The best intellectual moments I’ve had come from a mixing of disciplines. Maybe the first times I really felt this is freshman year of college, taking English Literature courses, Economics, third-year Calculus, and a seminar on the last 100 years in Germany. Keith Gessen
recently mentioned the parallel development of literature in a piece on DFW, “In the 1920s you have your Russian modernists and your Anglo-American modernists and German modernists, and they’re all very much alike but that makes sense because they knew each other and all read the same books, but you’ll also, if you look, find Bulgarian modernists and Portuguese modernists, and so on.” What’s always fascinated me is the zeitgeist carries across disciplines as well — modernism, for example, doesn’t just refer to thematically unlinked movements in different disciplines; modernism is a term that gets at something essential underlying intellectual pursuits from math to literature to philosophy to economics.
Posted in Continuum, Crazy Ideas, David Foster Wallace, De Certeau, Freedom of Religion, Infinity, Kandinsky, Picasso, Platonism, theory, To Read, What Is Art?, Zeitgeist
A couple weeks ago, I had the pleasure of attending with fellow No Record Press bloggers Dave Feinstein and Sarah Todd a reading by Keith Gessen and Charles Bock at New York’s Bowery Poetry Club. Dave and I met at the next-door Irish bar in time for happy hour and made it just that. The bartender briefly lost my credit card, resulting in a round of Jameson on the house.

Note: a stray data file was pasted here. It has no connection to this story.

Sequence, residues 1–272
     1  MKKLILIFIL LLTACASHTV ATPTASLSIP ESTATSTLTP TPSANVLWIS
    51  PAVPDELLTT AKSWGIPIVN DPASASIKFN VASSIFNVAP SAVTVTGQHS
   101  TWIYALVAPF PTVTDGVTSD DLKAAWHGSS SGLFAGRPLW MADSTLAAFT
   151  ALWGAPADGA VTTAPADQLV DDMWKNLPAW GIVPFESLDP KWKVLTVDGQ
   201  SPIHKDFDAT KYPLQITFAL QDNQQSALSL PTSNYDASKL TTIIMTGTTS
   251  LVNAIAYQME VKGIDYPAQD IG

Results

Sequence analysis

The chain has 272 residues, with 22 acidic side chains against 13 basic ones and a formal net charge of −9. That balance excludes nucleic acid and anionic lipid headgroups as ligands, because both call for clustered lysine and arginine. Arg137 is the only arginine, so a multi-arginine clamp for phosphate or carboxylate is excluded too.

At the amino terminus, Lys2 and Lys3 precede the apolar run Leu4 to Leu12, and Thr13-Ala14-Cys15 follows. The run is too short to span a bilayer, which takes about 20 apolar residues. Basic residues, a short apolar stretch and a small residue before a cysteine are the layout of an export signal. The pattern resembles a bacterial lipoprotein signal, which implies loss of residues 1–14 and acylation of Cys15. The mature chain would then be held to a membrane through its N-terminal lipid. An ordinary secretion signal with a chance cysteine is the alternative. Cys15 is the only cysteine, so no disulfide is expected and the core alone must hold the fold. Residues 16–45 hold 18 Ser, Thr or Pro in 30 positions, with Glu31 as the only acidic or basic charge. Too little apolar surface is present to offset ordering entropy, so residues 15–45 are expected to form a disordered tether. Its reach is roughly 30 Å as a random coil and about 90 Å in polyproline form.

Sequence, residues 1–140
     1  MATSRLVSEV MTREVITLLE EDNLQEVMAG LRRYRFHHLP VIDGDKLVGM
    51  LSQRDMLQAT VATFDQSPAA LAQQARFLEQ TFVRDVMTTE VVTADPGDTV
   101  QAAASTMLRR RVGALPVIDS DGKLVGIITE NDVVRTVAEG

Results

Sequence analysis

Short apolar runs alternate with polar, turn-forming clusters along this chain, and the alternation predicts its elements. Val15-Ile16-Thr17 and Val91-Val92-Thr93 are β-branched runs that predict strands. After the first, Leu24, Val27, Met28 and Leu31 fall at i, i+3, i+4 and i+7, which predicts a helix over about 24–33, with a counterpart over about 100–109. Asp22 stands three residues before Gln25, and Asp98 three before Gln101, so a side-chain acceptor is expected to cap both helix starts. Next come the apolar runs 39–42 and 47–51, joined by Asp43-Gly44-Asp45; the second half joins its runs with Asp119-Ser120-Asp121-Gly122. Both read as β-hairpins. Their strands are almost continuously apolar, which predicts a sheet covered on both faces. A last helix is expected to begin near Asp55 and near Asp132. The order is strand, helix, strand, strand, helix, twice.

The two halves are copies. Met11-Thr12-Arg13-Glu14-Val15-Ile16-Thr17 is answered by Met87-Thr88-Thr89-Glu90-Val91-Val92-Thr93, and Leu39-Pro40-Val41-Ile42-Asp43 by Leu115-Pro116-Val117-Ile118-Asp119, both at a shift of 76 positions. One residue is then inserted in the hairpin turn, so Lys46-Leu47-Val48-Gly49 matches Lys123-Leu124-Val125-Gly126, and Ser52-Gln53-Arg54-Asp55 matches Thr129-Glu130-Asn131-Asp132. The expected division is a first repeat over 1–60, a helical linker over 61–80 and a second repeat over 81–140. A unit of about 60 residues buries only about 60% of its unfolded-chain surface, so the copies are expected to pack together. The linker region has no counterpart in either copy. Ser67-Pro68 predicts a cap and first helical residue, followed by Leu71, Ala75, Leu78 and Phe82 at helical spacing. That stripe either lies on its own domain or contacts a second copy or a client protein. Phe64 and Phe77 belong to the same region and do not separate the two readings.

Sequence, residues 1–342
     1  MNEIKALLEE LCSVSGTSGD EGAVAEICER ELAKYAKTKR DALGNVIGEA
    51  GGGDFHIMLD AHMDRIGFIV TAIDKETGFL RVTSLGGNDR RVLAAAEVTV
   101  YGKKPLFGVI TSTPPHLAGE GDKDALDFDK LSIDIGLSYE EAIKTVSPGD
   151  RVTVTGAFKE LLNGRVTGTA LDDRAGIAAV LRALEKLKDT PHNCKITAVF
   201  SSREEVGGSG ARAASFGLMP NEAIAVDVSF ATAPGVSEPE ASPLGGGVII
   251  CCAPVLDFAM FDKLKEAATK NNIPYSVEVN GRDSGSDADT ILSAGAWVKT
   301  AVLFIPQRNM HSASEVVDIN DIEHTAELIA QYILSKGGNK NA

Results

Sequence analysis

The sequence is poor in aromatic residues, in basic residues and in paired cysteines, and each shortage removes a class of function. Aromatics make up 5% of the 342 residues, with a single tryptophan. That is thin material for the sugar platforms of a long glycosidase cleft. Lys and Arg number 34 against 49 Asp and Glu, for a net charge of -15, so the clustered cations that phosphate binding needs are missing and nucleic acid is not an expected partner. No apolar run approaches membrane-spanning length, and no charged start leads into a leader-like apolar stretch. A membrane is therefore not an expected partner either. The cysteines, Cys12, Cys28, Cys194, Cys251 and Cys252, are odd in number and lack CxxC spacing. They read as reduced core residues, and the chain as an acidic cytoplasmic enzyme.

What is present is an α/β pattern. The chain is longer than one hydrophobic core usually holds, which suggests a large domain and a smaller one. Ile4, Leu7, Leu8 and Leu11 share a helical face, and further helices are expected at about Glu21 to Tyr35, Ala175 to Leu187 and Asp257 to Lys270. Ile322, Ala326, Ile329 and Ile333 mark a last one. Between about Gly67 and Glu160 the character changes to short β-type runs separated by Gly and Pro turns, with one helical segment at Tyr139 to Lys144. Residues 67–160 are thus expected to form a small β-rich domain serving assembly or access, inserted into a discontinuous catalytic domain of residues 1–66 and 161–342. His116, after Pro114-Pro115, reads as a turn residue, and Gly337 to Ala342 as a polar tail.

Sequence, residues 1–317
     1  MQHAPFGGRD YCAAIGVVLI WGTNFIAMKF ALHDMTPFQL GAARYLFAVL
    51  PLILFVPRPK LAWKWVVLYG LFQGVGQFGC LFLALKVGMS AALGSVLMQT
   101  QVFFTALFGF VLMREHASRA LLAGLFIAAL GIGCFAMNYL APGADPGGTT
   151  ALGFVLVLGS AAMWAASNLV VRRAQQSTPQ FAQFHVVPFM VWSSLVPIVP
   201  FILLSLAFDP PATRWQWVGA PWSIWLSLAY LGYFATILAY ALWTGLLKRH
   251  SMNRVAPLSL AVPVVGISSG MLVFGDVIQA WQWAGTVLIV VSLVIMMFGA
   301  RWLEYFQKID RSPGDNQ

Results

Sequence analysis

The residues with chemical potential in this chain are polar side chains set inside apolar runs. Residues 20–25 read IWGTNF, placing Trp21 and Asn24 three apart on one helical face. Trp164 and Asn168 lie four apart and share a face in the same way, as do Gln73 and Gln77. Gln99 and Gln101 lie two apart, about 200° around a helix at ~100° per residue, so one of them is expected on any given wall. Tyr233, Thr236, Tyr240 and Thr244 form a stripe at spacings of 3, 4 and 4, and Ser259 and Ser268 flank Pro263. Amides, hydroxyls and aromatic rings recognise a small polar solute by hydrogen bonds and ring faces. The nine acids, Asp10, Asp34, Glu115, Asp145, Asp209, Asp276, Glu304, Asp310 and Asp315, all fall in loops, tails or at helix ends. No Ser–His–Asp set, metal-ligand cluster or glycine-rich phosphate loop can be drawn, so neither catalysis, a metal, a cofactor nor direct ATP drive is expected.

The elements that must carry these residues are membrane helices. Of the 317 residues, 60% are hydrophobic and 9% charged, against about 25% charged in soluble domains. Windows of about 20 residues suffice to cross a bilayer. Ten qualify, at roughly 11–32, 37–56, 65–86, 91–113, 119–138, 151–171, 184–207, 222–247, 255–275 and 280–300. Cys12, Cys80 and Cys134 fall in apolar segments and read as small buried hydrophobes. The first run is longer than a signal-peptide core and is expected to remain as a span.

We made it next door and paid our seven dollars. Then, like a drunken sorority girl studying in Milan, I bought nearly everything in sight (thanks for the loan, Maayan!). The difficulty and expense of obtaining books in Manila had prohibited me from taking advantage of the MOST ANTICIPATED BOOK RELEASE OF THE YEAR, which was something of a player in the earlier drama posted here, The Spectacle of Keith Gessen and Emily Gould (and Part II). In addition to All The Sad Young Literary Men, I also picked up the n+1 booklet “What We Should Have Known”, which promises to tell me about what I should have known six years ago: that I’m seven years behind the curve and never again to be in front of the eight ball. Continue reading
Posted in All The Sad Young Literary Men, Benjamin Kunkel, books, Coffee, Concentric Circles, Keith Gessen, n+1, originality, Politics, Relationships, theory, To Read, What Is Art?
I gave a lecture two weeks ago. Originally, I’d wanted to talk about what I call “automatic art.” The term refers to the process of using operations of chance (or mathematics) to create works of art. John Cage did this when he composed “12 Radios, 24 People,” which required the performers to adjust radios to predetermined frequencies on a predetermined schedule. While all the performers operations are controlled for, the location of the radios is not. Since different locations receive different combinations and strengths of radio stations, the piece cannot be the same in any two locations. Location, then, rather than any action by the performer, is the creative element in the piece. Cage’s algorithm simply permits location to enact its effect.
As I was preparing the lecture, I realized that to deliver a controlled, linear, sequentially-organized lecture on automatic processes and chance operations was sort of hypocritical. Or at odds with itself. The lecture had to be the product of a sequence of chance operations. Yet I still wanted it to function as a traditional lecture–providing facts and interpretation to the audience. So I rounded up all the concepts I’d considered for the lecture (including “Light Speed Travel,” “Finnegans Wake,” “Early Polar Expeditions“–I go for the gusto with these lectures), wrote them on little scraps of paper, and put them in a hat. Continue reading